Four private medical workforce providers will bolster health teams across the country as the government remains confident there will be no delays with its planned vaccine timeline.
Aspen Medical, Healthcare Australia, International SOS and Sonic Clinical Services have been recruited to supplement the existing healthcare workforce. Mr Hunt said they’ll provide at least an additional 500 workers but there was capacity to get more assistance if needed.
Pfizer is expected to begin delivering about 80,000 vaccine doses a week from the second half of February, and that number is expected to increase over time. That vaccine will be administered at up to 50 hospital hubs across the country.
With the addition of the AstraZeneca vaccine, which will be rolled out more widely, the government expects 4 million people to be inoculated by the end of March.
Several European countries have reportedly complained supplies of the Pfizer vaccine have been falling short of their orders but Mr Hunt said the company told him on Wednesday they were still confident in a late February delivery, but no date has been confirmed.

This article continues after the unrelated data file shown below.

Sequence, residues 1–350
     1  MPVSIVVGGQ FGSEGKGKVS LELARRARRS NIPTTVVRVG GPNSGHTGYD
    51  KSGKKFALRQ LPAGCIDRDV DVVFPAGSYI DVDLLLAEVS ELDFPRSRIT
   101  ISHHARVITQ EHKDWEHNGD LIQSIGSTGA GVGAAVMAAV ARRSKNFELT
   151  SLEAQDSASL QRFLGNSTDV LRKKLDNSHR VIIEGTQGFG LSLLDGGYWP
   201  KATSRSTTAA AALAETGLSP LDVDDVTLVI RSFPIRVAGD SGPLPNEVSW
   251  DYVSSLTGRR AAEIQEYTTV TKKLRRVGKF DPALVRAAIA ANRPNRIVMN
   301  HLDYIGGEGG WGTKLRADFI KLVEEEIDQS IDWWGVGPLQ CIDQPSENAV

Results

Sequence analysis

“That start date for the latter half of February was advised again to us yesterday, and so there’s no change in that,” he said.
“But if there are changes, of course we would share them immediately.”
The national immunisation network will be used for the broader phase two of the program. It’s the same network that enabled 17 million influenza vaccines to be distributed last year, Mr Hunt said.
Phase two will start by focusing on those aged over 50, Aboriginal and Torres Strait Islander people between 18 and 54, and other critical workers before moving on to the rest of the adult population.
In that phase, general practices, pharmacies, state and federal vaccination clinics, and Aboriginal community controlled health organisations will administer vaccines.
“General practice is the cornerstone. Pharmacies from phase two will play an important role. And I want to thank both of those groups for their very constructive action,” he said.
The aim is to have the majority of the adult population vaccinated by the end of the year.
But the Health Minister said that would not mean an end to social distancing or hand hygiene practices, as we do not yet know how long immunity from the disease will last after vaccination, or how the vaccines will affect transmission.
“For the time being, continuing our COVID safe practices is immensely important,” he said.
Rachel Clun is a federal political reporter at The Sydney Morning Herald and The Age, covering health.